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Moving Do not Pack Your Landscape

Q. We're in the process of building a new house but will not be able to move in until February. We have not put our current house on the market yet. I have some plants I'd like to move to the new place, but the outside work isn't finished and the 'top soil' is still in a pile at the back of the lot. Can I move the plants into large pots and winter them over in an unheated garage? I've been waiting for the weather to get cold to make sure the plants are dormant. The plants I want to move are peonies that originally belonged to my grandparents, old fashioned double-petal daylilies, Asiatic lilies and a rose bush, which is also from my grandparents.

---Sue in Fargo North Dakota

A. I know; I know. You all think I only picked this question because it's from "Fargo". No, I did not! OK, maybe I did. Okay, yes I did—but there's no wood chipper involved. You have to give me that.

Now—I also have to say 'no' to her plan. And this is where you all shout: "But these are her grandparents' plants, you meanie!"

To which I must reply: Dining room tables, jewelry, artwork, that special chair you sat in every Thanksgiving, family photos—these are all things that YOU own and can take with you when you move. But you don't own your own landscaping during and after the sale of a home.

…which is neither right nor wrong. It is, as Dickens wisely noted, The Law. When you sell a house, you can't take the doors and windows; but you can take the curtains. You can take stand-alone lighting fixtures like a table lamp, but you can't take a ceiling fan. And you can't take the trees and shrubs for the same reason—they're not furniture; they're embedded structures.

So, boom—just like that, you wipe out generations of horticultural history?!

No. There is a way for her to preserve these plants; it's just going to take some 'finessing'. As a dear friend of mine once said, "These things must be done…carefully…"

And just as winter in Fargo would freeze the wings right off of her flying monkeys, the same thing would happen to plants in an unheated garage.

Although summers are perfect for agriculture, winter in Fargo means zero degrees Fahrenheit (or lower) 43 nights of the year on average. Plants are lucky to survive in the ground, much less in pots—where they would be expected to perish shortly after receiving blankets, chocolate and a lawyer from The Red Cross.

And, as we have mentioned in the past, having a bunch of big holes in the front yard can greatly decrease the selling price of a house. (Unless it's in the winter, when prospective buyers won't even see the ground under Fargo's average 52 inches of snow!)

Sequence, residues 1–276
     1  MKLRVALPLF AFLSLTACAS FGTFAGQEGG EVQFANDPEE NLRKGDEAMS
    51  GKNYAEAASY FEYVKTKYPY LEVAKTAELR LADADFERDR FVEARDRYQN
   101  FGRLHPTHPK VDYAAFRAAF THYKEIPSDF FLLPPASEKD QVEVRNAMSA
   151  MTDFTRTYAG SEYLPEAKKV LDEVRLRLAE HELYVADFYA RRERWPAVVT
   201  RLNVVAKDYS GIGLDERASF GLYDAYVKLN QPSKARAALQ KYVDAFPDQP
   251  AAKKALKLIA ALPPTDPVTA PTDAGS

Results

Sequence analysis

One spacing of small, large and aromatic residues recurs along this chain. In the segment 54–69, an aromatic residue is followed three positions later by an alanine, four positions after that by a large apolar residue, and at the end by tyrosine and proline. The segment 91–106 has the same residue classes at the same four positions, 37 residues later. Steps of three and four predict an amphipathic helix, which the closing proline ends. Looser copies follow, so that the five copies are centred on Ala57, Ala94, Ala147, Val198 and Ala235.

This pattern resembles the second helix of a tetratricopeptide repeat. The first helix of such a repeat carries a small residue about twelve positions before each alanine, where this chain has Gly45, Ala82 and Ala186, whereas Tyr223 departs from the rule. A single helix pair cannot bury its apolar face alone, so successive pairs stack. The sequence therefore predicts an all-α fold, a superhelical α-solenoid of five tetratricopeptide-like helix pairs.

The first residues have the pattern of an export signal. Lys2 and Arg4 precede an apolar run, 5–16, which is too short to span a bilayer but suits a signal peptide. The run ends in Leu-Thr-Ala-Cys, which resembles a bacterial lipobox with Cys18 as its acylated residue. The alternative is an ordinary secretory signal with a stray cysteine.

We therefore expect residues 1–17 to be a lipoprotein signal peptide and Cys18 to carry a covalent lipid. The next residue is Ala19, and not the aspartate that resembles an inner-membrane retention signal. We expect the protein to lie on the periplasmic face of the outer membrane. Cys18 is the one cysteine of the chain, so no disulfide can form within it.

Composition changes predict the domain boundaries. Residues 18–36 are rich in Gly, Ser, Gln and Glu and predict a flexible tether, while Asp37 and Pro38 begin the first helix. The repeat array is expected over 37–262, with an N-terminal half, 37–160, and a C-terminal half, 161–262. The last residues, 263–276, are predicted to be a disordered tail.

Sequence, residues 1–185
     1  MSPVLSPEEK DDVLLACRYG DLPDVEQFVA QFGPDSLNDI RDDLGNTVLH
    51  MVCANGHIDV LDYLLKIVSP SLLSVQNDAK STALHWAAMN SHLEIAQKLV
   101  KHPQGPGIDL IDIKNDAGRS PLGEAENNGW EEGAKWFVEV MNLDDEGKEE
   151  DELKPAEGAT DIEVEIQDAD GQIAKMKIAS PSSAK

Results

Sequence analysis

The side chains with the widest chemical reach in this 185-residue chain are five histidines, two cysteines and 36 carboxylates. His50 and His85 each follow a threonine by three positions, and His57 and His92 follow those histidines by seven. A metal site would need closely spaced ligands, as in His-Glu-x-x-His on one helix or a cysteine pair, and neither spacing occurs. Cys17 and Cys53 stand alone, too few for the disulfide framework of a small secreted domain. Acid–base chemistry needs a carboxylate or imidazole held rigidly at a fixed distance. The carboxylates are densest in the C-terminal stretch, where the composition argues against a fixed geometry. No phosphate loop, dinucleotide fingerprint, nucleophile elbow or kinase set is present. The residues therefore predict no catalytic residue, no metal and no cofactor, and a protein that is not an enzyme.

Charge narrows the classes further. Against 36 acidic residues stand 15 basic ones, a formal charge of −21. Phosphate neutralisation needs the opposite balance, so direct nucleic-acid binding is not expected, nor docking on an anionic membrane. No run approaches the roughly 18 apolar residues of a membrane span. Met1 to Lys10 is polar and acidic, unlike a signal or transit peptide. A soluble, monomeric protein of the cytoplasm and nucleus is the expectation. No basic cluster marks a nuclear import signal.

Anyway, let's make a plan that works for everyone here.

It's going to be hard enough to get a new house finished as they move into a Dakota winter, so concentrate on that new construction for now. My gut also tells me that most house-hunters aren't out looking in Fargo in February, so plan to go all out on selling the old place in the Spring (when most houses are sold nationwide), and the nice landscape plants that will then be visible will add as much as 20 percent to the sale price. That's a nice chunk a change.

'But no', you shout: "They can't sell these plants!"

They will both sell them and share them.

The roses are the easiest. Take fresh cuttings in the Spring, root them in a soil-free medium and install the new plants at the new place in say, August, when the cuttings will have achieved a good size. (See our 'rooting roses' article for lots of details.)

You can even request permission to come back and take repeated cuttings to make sure you get good new plants (or just get to propagate lots of new plants). Those plants will still be your grandparents' exact roses, but you'll avoid the risk of killing a really old rose by trying to move the whole thing. And leaving the mature established plant in place will make the house look much more attractive. (And you can keep coming back for cuttings; no one would ever object to that.)

What about the peonies? Two possibilities here. I personally would allow them to flower and then collect the dried seed pods after the flowers fade. Those seeds should grow the same plant. And the new owners have no reason to object; collecting seed won't negatively affect the look of the landscape.

The other option is to craft a rider to the sale agreement that gives you permission to dig up the peonies and day lilies after the sale and replace them with mature plants of equal or greater value. The most important thing is to NOT do 'a panic dig' now. It would take amazing expertise—and luck—to overwinter the plants successfully. And if they die, you're double out of luck—no heirloom plants to treasure, and lots of money lost because of an ugly yard instead of great curb appeal.

Now, about the wood chipper….

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